If your car’s gas gauge had merely two settings—“empty” and “full”—you’d be at a great disadvantage on the roads. Luckily, your dashboard includes a finely graduated scale that tells you how much you have in the tank at any moment. Wouldn’t it be great if our patients also gave us such precise information? Actually, they can, if you know how to ask.

Because contact lens wear is a subjective experience, patient feedback is an essential tool that helps us fine-tune the results. If we can elicit specific, measurable data from patients, we stand a better chance of keeping them happy and healthy contact lens wearers. This month’s column will focus on how to quantify the factors that matter to patients—a critical yet underused tool that will help improve patient care by minimizing contact lens dropouts.

The Value Scale
From contact lens solutions and drops to major advances in materials and modalities, we have an unprecedented opportunity to make our patients comfortable in their lenses. When do you introduce these products to your patients?

Think about the last few contact lens patients who visited your practice. Maybe they were using non-optimal solutions, materials and/or outdated lens design for their particular vision correction needs. When asked about their contact lens experience, did they reply with a vague “good” or “fine” as a response? These one-word answers that our patients use to describe their wearing experience make it difficult to understand what truly is happening.

There are two key components to successful contact lens wear: vision and comfort.1,2 So, how can you get an accurate understanding of your patient’s wear experience? Instead of ambiguously asking your patient how his or her vision is, try to specifically ask about the quality of the vision. Even more helpful, ask your patient to quantify the quality of his or her vision and comfort level so you can determine whether there may be an opportunity for improvement.

Present your patient with a scale ranging from zero to 10 (with zero being vision without contact lenses and 10 being the best the vision can be). Then ask your patient to rank the overall quality of his or her vision. Similarly, next ask your patient to rank his or her comfort level in the lenses. Any score below a perfect 10 should jump-start a conversation on new ways you can improve your patient’s lens wearing experience.

The importance of quantifying a patient’s experience through a scale can be seen in a number of instances. For example, the Ocular Surface Disease Index (OSDI) allows a patient to quantify his or her “level” of dry eye symptoms.3 Also consider that in clinical research, participants are often asked to quantify their experience with some scaling system to help expose differences that may exist between treatment groups. Why is that? Two individuals who may address directed questions with the same one-word answer, such as “good,” might respond very differently when given a scale to rate their experience. A scale helps us answer the follow-up question: How “good” was the experience?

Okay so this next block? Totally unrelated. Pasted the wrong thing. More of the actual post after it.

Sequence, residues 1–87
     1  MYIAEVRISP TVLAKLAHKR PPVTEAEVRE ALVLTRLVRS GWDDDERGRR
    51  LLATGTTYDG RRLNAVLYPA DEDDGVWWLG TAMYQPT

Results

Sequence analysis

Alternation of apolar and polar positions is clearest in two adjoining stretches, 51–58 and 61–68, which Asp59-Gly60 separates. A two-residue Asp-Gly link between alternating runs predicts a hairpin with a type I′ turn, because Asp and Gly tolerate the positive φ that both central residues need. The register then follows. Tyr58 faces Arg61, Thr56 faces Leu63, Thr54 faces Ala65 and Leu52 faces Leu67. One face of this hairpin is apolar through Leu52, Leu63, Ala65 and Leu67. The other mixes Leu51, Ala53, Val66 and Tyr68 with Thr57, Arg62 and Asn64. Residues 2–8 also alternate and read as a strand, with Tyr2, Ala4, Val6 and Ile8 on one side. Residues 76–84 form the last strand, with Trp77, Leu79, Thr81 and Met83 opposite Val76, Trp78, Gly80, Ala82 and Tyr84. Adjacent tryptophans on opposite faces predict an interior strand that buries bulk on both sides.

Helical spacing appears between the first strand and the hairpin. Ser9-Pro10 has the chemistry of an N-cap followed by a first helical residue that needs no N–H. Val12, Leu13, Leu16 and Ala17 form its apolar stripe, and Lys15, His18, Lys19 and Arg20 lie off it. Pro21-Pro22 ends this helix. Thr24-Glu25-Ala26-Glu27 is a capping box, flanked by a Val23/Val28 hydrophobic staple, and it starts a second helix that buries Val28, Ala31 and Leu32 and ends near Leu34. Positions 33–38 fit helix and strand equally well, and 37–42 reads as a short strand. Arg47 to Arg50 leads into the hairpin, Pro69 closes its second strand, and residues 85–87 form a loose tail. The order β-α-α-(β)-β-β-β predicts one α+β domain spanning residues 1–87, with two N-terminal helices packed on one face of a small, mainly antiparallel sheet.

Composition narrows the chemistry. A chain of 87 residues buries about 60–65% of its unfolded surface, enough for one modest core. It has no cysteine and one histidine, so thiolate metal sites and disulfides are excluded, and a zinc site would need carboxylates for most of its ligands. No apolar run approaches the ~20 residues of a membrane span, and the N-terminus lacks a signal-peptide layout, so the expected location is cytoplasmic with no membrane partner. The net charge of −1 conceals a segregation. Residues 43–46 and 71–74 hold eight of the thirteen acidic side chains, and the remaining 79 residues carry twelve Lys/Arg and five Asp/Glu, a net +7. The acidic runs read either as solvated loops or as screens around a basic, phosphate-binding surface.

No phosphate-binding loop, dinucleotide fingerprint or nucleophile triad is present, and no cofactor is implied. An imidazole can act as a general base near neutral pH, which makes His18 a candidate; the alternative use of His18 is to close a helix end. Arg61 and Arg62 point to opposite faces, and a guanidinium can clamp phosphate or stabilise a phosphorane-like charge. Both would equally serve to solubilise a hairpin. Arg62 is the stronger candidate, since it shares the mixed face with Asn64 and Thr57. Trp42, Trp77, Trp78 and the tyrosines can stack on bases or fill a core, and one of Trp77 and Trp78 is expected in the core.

If we can accurately understand our patient’s wear experience, we can better engage our patients in meaningful communication regarding new technologies in solutions, drops and lenses and their potential to improve comfort and vision.

A last word of advice: Follow up with your patient after you have changed some part of the lens regimen. We always begin by asking our patients to rate their experience with both their previous and their new regimens. This will give you a direct comparison to gauge the level of success or failure with the new option.

Quantifying a patient’s level of satisfaction or dissatisfaction with their lens-wearing experience creates a context for realistic discussions about their continued lens wear. Whether it is accomplished via a formal questionnaire that is completed with the history intake form or verbally with your paraoptometric or yourself, this information will give you a better understanding of your patient’s wearing experience and help derail dropouts. 

1. Young G, Veys J, Pritchard N, Coleman S. A multi-centre study of lapsed contact lens wearers. Ophthalmic Physiol Opt. 2002 Nov;22(6):516-27.
2. Rumpakis JMB. New data on contact lens dropouts: an international perspective. Rev Optom. 2010 Jan;147(1):37-42.
3. Ocular Surface Disease Index. Allergan. 2005. Available at: www.dryeyezone.com/documents/osdi.pdf. Accessed November 2012.